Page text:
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January 07, 2004
RIAA TAKE NOTE: Apparently, free downloads don't do much to hurt sales of intellectual property goods. At least, that's the result of an informal experiment conducted by the Insta-Wife. I mentioned a while back that she was somewhat bemused to see used copies of her book on violent kids selling for $99.95. The solution was to put the book (which is out of print, and which won't see a new edition anytime soon because she's working on another project) up for free download in PDF form on her website.
You'd expect that offering the book for free would have depressed the price for used copies, but it doesn't seem to have done so -- in fact, the price seems to have gone up, as there's now somebody offering the book for sale for $105.84. Go figure. And although quite a few people have downloaded it for free (and even sent in donations), many of them have emailed to say that they'd rather pay cover price for the actual book than download it for no charge.
This seems to me to suggest that free downloads don't do much to cannibalize actual sales.
UPDATE: Wow, this post generated a lot of email, and I haven't had time to wade through it. (It's the first day of classes, and we're bringing in a lot of faculty candidates in the next couple of weeks, and it's my job to make the trains run on time.) But this email by Shane Blake seems to state the central objection to my experiment, above:
Not that I don't think RIAA shouldn't be pushed out of the nearest air-lock (I do) but you're missing a destinction between downloaded music and your wife's book.
I can download songs from the interenet and actualy create an exact copy of the physical media I would purchase in a store relatively cheaply. I cannot, however, recreate a properly bound book for anywhere near the listed price. And lets face it, the e-book idea just isn't catching on like many of us techno-geeks had predicted...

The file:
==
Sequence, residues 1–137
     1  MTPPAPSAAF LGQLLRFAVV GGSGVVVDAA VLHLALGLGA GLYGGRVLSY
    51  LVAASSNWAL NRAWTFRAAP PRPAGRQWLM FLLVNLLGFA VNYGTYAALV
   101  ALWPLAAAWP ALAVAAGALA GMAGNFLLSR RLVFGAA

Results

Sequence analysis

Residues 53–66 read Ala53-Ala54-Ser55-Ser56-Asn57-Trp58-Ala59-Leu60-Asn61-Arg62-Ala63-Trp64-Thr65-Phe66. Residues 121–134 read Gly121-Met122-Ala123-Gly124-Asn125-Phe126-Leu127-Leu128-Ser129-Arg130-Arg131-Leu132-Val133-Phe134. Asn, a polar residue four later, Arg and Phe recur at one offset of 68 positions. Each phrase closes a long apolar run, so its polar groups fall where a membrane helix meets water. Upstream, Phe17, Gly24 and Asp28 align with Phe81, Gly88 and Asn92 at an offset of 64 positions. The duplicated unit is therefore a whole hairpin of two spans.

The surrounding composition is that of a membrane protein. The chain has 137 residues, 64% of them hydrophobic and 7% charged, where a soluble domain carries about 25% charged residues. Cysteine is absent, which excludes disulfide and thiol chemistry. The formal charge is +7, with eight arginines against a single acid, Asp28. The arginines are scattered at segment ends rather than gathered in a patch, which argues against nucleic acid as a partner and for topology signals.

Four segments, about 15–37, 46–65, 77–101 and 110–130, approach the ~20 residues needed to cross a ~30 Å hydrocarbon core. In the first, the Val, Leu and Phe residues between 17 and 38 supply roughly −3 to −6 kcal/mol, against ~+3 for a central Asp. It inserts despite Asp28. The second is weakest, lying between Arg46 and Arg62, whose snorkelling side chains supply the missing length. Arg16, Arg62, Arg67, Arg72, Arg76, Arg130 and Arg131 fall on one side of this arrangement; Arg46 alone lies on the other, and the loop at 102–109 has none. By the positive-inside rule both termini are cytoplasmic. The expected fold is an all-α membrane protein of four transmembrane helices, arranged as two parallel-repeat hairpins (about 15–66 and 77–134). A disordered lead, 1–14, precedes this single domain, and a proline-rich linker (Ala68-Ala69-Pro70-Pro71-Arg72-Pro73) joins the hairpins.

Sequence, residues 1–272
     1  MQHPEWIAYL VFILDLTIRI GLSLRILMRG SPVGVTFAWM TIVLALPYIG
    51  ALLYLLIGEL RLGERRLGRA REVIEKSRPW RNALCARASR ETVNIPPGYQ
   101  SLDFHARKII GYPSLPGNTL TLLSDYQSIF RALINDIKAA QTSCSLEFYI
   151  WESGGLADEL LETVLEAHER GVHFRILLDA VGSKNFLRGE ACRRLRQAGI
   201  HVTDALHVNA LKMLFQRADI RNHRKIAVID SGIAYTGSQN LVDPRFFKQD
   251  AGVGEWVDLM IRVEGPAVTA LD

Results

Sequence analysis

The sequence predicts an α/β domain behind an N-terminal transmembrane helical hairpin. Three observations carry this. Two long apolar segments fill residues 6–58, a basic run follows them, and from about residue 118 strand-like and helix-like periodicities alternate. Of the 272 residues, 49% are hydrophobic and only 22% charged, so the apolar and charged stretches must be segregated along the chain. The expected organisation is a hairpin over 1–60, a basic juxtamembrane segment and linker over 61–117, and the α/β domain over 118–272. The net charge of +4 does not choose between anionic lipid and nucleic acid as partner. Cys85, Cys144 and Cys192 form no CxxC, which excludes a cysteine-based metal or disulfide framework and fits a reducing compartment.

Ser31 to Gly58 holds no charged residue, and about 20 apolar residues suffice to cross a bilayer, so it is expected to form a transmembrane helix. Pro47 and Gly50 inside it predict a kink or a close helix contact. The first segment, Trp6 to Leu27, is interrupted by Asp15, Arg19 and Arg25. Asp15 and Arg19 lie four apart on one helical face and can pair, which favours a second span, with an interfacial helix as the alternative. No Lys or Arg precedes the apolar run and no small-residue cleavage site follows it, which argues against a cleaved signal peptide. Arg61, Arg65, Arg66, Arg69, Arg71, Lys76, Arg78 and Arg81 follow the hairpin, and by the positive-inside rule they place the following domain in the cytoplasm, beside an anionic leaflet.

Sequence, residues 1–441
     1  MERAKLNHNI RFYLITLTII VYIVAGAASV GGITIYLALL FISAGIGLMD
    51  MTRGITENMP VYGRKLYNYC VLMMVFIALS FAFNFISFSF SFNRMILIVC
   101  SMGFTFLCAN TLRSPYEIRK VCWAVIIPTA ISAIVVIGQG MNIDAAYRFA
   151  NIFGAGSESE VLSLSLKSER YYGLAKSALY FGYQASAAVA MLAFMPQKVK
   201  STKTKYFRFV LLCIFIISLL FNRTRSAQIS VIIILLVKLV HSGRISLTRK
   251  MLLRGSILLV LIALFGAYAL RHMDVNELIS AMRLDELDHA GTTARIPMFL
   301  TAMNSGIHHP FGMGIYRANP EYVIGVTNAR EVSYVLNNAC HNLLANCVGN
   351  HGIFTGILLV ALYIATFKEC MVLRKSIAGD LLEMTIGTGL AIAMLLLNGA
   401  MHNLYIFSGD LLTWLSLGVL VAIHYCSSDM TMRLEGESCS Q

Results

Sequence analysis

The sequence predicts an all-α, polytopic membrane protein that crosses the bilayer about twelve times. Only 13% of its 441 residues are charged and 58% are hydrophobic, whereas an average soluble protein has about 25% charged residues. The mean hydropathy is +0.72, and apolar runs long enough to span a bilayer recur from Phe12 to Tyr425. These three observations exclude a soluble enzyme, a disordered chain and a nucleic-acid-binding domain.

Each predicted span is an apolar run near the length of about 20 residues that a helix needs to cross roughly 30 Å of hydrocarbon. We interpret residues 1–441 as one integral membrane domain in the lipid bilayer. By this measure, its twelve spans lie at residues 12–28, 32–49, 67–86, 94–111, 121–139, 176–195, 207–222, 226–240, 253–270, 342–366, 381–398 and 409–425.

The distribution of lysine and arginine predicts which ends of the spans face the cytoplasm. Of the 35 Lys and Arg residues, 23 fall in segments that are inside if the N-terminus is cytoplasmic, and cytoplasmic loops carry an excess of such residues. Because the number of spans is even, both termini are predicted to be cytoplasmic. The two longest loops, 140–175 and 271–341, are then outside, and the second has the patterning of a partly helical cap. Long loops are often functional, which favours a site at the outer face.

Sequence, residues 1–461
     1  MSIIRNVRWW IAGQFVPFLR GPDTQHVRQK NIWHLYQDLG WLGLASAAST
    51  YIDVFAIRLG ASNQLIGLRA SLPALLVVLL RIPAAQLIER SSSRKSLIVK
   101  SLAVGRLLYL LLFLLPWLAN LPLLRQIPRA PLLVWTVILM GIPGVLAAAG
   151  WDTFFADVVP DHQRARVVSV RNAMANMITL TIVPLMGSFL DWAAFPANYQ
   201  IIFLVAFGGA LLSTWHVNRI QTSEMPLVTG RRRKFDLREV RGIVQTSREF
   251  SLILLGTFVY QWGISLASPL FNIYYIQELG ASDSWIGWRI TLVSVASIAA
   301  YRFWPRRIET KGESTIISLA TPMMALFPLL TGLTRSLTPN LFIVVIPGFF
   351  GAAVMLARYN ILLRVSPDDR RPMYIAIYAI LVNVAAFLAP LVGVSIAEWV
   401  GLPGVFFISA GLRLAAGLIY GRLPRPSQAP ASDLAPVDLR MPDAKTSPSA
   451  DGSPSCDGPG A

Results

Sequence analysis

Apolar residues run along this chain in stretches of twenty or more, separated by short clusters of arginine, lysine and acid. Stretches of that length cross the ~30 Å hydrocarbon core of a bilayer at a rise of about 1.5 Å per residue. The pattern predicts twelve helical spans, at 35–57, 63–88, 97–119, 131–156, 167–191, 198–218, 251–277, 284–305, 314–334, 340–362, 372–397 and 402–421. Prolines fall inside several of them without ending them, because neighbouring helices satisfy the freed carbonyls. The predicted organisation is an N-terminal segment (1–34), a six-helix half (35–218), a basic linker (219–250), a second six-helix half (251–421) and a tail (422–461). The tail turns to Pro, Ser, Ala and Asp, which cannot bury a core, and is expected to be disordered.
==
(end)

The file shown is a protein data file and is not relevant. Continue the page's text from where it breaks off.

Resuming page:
Still, I think RIAA's main problem is the proliferation of overpriced crap packaged as popular music...
Well, I agree that the analogy isn't perfect -- a PDF file isn't a book. Of course, a downloaded MP3 file isn't a CD, either -- even if you convert it back to .WAV and burn a CD. The quality is reduced, and you don't get cover art, liner notes, etc. Still, it's closer than a PDF file is to a book. (Note that Blake appears to own a lot of CDs!)
But a PDF file seems to me to be sufficiently close to a book that its availability for free should affect the used price somewhat. And maybe it is -- Steve Verdon thinks that free downloads may actually drive the price up. There's some evidence for that, as Baen Books gives a way a lot of top-drawer science fiction content in downloadable form, and says that doing so has helped its sales, rather than hurting them.
Are books so different from music that giving one away boosts the price of the for-sale product, while giving the other away destroys the market for the for-sale product? I find that hard to believe, but I suppose it's possible. . . .
ANOTHER UPDATE: Eric S. Raymond has had a similar experience with his books.
YET ANOTHER UPDATE: Intellectual Property attorney Scott Draeker emails:
First, your reader is misinformed. You cannot download music and create a
perfect copy of the retail product.
1) Music downloads are compressed using algorithms that discard "extra" information. It's called "lossy" compression, because you lose information. A downloaded MP3 converted to a Redbook (CD Audio) compliant AIFF file and written to a CDR contains significantly less music information than an original CD. The difference in audio quality is obvious to anyone, not just an audiophile.
2) Even a disk to disk copy of a retail audio CD to CDR results in lower audio quality. This is a result of physical differences in the media itself.
3) An audio CDR created from any source will not have a screen printed label, jewel case inserts, photos, lyrics and other packaging materials that are included in a retail product. This might not be a deal killer for many music lovers, but it does have *some* value. All other things equal, just about anyone would pay a buck for that extra stuff. Not many would pay $20.
And that is the entire point. Piracy (music or otherwise) is an economic issue 99% of the time. Copyright owners are free to charge whatever they like, of course. They just have to acknowledge the consequences. At $10,000 per CD they won't sell much music, and executing pirates in the public square won't change that.
As for downloads, that's not proper piracy anyway. The effect of music downloads on the market better resembles radio airplay--it sells more music. What the RIAA doesn't like is that, unlike radio play, they can't control what people download. For the big label exec who needs to make his NSYNC numbers this quarter the idea that people are downloading and listening to indy Jazz is horrifying.
I pretty much agree -- though the quality loss in a disk-to-disk copy is de minimis. You won't hear the difference on any player made in the past several years (and the older ones will just fail to work sometimes) but the CD-R will probably not last as long.
Interestingly, if CDs were still packaged like old vinyl records -- with big, pretty covers and liner notes -- I'll bet there would be less downloading.